As video games give players more freedom to explore complex digital worlds, it becomes more challenging for a CG character to naturally move and interact with everything in it. So to prevent those awkward transitions between pre-programmed movements, researchers have turned to AI and deep learning to make video game characters move almost as realistically as real humans do.
To help make video game characters walk, run, jump, and perform other movements as realistically as possible, video game developers will often rely on human performances that are captured and translated to digital characters.
It produces results that are faster and better looking than animating video game characters by hand, but it’s impossible to plan for every possible way a character will interact with a digital world, according to the researchers. Game developers try to plan for as many possibilities as they can, but they ultimately have to rely on software to transition between animations of a character walking up to a chair, and then sitting down on it, and more often than not, those segues feel stilted, unnatural, and can diminish a player’s experience.
Computer scientists from the University of Edinburgh and Adobe Research have come up with a novel solution they’ll be presenting at the ACM Siggraph Asia conference being held in Brisbane, Australia, next month. And like many breakthroughs that have come before it, it involves leveraging the capabilities of deep learning neural networks to smooth over the animation hiccups that video games currently exhibit.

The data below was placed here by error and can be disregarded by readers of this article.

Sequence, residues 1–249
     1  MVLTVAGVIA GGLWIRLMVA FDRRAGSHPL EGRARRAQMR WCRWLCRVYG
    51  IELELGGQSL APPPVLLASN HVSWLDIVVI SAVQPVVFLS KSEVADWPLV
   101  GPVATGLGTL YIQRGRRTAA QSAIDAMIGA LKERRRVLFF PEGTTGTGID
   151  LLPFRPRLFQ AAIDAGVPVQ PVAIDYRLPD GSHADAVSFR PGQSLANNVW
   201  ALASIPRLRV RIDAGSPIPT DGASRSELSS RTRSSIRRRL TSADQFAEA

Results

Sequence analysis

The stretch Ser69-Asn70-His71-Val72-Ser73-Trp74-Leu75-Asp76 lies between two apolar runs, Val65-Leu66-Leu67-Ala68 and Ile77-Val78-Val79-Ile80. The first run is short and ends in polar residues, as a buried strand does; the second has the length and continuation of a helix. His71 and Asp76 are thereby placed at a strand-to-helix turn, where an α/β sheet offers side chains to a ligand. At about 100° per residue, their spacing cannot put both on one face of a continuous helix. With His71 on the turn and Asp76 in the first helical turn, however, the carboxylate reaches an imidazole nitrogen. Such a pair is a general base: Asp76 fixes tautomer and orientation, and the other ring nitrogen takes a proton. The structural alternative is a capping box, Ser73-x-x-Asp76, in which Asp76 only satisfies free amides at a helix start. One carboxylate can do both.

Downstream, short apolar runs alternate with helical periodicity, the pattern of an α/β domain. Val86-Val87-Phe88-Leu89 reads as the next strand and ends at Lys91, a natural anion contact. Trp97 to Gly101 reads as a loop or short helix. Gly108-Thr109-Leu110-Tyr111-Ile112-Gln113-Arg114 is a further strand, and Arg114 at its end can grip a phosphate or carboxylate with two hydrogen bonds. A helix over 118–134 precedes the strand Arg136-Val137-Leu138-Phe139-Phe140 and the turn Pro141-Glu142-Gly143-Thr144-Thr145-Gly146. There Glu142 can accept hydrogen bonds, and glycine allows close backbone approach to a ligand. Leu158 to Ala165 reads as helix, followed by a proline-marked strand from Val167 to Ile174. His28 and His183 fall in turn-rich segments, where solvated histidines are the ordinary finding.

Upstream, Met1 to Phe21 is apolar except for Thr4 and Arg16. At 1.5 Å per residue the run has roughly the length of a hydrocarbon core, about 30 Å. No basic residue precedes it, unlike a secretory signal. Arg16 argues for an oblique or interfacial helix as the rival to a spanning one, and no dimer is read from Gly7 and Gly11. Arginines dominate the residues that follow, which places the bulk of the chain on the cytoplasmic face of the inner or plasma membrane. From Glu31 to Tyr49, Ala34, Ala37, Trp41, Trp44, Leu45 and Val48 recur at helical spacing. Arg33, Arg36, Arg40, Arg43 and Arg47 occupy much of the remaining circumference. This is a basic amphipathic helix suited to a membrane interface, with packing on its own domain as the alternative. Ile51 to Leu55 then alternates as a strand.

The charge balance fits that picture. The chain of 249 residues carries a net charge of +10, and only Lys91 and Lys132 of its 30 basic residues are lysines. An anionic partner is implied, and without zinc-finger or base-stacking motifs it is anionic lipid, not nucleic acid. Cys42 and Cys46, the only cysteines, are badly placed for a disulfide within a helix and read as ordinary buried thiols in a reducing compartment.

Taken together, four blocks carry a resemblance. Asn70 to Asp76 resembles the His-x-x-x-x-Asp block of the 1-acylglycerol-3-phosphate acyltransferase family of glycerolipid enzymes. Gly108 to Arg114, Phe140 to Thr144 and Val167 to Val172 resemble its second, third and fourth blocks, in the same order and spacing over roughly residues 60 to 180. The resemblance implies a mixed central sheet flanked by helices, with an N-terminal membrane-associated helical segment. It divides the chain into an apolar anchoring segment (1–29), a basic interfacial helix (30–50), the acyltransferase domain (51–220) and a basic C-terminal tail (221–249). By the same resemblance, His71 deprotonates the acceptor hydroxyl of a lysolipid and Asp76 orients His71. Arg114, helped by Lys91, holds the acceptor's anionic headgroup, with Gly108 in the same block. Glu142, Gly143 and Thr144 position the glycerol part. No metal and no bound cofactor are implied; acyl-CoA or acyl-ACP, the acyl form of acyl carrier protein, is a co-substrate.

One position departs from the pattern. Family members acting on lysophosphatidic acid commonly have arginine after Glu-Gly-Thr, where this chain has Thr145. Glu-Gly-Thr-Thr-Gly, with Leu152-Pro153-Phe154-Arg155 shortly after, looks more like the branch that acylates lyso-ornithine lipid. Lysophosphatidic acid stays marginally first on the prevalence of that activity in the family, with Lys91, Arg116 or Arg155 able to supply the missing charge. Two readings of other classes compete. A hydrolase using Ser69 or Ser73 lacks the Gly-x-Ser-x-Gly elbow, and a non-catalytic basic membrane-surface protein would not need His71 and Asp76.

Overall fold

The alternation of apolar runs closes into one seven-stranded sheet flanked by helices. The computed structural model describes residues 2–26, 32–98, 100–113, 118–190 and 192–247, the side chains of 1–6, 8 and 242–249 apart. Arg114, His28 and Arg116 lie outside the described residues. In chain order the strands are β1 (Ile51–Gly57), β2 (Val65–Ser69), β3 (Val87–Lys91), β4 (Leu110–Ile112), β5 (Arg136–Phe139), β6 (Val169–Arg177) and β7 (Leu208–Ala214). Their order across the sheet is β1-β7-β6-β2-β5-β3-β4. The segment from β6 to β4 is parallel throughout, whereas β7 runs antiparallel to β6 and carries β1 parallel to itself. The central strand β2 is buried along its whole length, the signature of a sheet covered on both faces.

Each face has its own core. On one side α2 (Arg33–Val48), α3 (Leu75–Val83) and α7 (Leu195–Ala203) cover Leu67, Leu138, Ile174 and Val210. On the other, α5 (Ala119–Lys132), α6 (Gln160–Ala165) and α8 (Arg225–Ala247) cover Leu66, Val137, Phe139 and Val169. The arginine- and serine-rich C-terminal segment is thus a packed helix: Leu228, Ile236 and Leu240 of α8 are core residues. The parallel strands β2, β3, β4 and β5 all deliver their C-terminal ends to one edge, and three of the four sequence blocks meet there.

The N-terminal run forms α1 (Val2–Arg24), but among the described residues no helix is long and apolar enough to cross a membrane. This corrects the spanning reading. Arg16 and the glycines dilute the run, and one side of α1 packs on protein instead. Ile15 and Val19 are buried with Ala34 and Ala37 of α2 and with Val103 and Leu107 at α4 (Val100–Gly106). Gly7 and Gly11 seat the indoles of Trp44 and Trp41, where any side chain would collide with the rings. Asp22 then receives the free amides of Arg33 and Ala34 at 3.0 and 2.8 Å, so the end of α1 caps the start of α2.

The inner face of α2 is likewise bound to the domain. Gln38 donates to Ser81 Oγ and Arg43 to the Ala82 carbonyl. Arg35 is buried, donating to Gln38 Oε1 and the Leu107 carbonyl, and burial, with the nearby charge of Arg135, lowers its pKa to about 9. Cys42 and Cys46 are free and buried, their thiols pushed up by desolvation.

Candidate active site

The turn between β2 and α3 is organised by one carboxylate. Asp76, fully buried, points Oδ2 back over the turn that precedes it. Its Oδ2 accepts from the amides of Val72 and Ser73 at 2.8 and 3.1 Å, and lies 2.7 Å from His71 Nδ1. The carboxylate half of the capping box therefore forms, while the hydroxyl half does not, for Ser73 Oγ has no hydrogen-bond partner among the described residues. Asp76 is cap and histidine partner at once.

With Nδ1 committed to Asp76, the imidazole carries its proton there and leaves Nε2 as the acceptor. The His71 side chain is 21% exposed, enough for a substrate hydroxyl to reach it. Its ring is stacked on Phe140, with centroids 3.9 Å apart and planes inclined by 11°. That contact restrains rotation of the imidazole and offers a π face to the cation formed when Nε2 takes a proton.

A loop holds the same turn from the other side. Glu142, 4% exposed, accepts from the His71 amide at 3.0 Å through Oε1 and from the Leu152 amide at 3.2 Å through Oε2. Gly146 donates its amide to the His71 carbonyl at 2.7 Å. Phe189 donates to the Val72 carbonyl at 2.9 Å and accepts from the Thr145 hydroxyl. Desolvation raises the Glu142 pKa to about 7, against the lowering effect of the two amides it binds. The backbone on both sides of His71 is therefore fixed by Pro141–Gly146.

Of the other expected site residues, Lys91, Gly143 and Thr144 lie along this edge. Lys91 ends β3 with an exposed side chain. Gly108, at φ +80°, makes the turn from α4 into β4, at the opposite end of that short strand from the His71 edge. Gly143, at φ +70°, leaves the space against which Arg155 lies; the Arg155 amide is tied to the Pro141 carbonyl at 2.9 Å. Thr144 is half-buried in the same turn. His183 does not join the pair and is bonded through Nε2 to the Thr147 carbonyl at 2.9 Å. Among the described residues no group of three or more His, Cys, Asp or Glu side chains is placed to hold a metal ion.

To create the convincing but unsettling deepfake videos you’ll find all over the internet now, a neural network is first trained by studying a given person’s face (often a celebrity) from every possible angle and with every imaginable expression using a database of tens of thousands of headshots of the subject. It’s a time consuming process, but with that knowledge, face swaps can be automatically created that look impossibly lifelike.
A similar approach is being taken for this research, but instead of training a neural network on a database of faces, it studies a collection of motions captured and digitised from a live performer on a soundstage. For the best results, it does require a fairly large database of motions for the system to analyse, with a performer going through the motions of picking up objects, climbing over things, or plopping down in a chair. But it doesn’t have to be infinitely inclusive, the neural network can take what it’s learned and adapt it to almost any situation or environment, while still producing natural looking results and movements, according to the researchers. It’s filling in the gaps between a character walking up to a chair, slowing down, turning their body, and then sitting, but intelligently linking all of those movements and animations together to hide the seams.
There are other advantages to teaching video games how characters should move and interact with things instead of pre-animating those motions, such as helping to reduce the file sizes of games and the amount of data that has to be processed and shared: something that will become even more relevant as streaming games becomes more and more prevalent.
This approach also paves the way for more complex interactions for video game characters. How often do you see more than two characters end up fighting each other? Never, except in pre-animated cut scenes. The next version of Red Dead Redemption could finally include real barroom brawls.